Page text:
On 23 April 2009, the Director-General of UNESCO, Mr Koïchiro Matsuura inaugurated an exhibition at UNESCO Headquarters celebrating the successful reinstallation of the Aksum Obelisk in Ethiopia. Entitled 'Aksum Rediscovered: The Reinstallation of the Aksum Obelisk', the exhibition features films and photographs documenting key moments of the re-installation built around a structure which recreates the exact volume of the 23.4 metre high stele. Also present were Madam Tadelech Haile-Mikael, Ambassador and Permanent Delegate of Ethiopia to UNESCO and Mr Giuseppe Moscato, Ambassador and Permanent of Italy to UNESCO.
In his opening remarks, Mr Matsuura said that "the exhibition conveys a sense of the spontaneous, joyous festivities that have marked all the phases of the operations in Ethiopia: from the arrival by plane of the three sections of the obelisk in 2005, to the inauguration ceremony in Aksum on 4 September 2008. Today we are delighted to celebrate another milestone: the successful completion of this remarkable adventure. The specially designed metal support structure that obscured the obelisk over the past year has been dismantled at last. Thanks to the hard work, dedication and talents of UNESCO staff and experts, the 152-ton obelisk now proudly stands unencumbered on the Aksum World Heritage site as an archaeological reminder of Ethiopia's glorious past and a testimony to human creativity."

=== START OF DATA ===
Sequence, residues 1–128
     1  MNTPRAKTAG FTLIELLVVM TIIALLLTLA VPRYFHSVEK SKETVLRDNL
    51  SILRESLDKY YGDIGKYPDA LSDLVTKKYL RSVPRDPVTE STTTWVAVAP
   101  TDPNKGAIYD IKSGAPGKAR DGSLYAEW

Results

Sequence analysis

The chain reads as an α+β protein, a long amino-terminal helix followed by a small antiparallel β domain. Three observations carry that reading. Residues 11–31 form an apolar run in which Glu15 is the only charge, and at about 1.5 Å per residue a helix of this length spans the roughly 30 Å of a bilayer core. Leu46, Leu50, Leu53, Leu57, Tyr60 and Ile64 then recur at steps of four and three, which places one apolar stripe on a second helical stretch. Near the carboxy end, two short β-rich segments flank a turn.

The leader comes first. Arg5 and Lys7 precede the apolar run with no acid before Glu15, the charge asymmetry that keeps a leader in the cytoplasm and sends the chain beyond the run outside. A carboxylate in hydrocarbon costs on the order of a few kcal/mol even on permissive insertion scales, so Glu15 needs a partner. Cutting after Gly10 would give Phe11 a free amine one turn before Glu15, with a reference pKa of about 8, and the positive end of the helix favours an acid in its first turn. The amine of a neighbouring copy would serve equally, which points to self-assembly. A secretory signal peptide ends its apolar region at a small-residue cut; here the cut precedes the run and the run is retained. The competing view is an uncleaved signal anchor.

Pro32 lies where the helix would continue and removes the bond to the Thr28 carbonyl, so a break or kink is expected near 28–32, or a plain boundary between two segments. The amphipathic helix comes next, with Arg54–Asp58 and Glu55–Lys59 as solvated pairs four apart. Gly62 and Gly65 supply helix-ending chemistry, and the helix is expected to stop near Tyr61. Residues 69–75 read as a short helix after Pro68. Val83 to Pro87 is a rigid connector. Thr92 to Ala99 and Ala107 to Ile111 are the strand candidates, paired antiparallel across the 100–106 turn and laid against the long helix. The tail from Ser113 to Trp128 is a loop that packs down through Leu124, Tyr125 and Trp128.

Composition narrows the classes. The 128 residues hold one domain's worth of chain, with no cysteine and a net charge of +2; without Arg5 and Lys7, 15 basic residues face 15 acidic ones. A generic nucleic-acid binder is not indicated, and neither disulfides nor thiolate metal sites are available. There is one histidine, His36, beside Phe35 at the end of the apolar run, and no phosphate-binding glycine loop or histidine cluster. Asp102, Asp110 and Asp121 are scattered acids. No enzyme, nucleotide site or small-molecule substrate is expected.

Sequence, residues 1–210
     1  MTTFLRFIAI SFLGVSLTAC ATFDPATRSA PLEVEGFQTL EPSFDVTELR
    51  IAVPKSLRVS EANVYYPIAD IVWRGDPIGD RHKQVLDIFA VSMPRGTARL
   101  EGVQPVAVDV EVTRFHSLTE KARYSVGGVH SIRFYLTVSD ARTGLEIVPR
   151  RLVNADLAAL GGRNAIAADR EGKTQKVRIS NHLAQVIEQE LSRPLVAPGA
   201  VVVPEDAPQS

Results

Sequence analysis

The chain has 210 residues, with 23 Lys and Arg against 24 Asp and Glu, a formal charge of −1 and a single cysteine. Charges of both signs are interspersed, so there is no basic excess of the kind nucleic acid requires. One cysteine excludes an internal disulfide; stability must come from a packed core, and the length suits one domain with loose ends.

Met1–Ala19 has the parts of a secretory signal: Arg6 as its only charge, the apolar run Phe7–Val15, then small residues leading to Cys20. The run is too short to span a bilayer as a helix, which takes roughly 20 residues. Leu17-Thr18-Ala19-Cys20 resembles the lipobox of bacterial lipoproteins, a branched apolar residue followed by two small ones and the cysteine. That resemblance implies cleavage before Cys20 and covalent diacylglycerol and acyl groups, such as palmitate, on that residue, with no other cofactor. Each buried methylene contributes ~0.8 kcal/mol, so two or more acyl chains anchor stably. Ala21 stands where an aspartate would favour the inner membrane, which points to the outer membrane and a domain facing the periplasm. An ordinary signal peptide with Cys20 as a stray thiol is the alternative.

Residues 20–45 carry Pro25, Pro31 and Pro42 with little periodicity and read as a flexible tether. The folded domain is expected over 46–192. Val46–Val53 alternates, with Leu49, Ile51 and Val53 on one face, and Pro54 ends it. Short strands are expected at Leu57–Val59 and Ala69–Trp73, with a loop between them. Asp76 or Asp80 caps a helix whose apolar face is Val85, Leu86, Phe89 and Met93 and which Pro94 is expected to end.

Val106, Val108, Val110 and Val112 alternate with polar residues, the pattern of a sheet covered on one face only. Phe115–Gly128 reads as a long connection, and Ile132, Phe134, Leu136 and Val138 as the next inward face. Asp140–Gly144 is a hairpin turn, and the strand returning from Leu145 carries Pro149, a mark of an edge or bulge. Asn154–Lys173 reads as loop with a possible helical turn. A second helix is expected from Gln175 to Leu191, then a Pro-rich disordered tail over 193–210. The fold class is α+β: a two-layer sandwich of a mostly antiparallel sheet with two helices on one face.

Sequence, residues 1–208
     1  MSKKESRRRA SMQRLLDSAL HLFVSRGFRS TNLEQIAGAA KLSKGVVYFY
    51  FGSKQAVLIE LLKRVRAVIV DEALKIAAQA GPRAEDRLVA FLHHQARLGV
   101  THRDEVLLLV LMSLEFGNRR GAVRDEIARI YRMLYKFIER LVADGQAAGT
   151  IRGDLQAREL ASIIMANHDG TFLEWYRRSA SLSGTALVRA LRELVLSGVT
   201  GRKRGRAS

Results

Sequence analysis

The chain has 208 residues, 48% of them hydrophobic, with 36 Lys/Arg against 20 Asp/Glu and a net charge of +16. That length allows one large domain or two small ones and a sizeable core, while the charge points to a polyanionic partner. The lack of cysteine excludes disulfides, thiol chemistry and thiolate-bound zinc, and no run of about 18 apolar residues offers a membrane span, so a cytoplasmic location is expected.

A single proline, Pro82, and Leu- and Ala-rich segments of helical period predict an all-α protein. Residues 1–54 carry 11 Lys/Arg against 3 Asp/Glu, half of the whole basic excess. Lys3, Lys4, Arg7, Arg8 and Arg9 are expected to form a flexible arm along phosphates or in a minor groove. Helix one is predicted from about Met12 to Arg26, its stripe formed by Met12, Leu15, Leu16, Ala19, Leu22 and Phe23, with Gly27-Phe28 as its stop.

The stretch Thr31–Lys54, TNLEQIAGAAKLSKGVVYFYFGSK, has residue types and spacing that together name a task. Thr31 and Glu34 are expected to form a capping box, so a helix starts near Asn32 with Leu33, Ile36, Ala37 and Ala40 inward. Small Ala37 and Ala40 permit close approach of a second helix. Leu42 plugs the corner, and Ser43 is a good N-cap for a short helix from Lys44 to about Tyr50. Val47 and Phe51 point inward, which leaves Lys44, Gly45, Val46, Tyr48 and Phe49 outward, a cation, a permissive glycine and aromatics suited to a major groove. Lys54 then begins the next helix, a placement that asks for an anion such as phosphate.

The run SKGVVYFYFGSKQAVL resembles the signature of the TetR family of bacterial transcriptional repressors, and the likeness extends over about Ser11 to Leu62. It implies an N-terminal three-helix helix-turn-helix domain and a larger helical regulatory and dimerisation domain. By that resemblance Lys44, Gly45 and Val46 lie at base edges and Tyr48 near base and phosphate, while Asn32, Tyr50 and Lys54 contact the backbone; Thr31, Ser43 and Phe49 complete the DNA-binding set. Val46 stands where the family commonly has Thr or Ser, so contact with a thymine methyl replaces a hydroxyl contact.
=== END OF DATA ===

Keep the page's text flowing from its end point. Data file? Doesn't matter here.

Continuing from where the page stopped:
Continuing, Mr Matsuura said that while the long and complex operation constituted "an extraordinary and unprecedented technical achievement...the project also has a tremendous symbolic significance. Indeed, it is my hope that the Aksum project will be remembered above all as a convincing demonstration of the power of dialogue, international cooperation, and culture in development strategies."
The Director-General paid tribute to the Governments of Ethiopia and Italy, without whom the project could not have been undertaken and concluded by saying that "For all Ethiopians, the Aksum Obelisk is much more than an archaeological vestige of a bygone era: it stands as a potent and vibrant symbol of their national heritage and pride. At the present time, when international leaders and decision makers are searching for sustainable solutions to the crises that are wreaking havoc around the world, and whose consequences may be particularly dire for the peoples of the South, success stories such as the Aksum project provide convincing arguments for integrating culture into development strategies with a view to ensuring a brighter future for all peoples of the planet."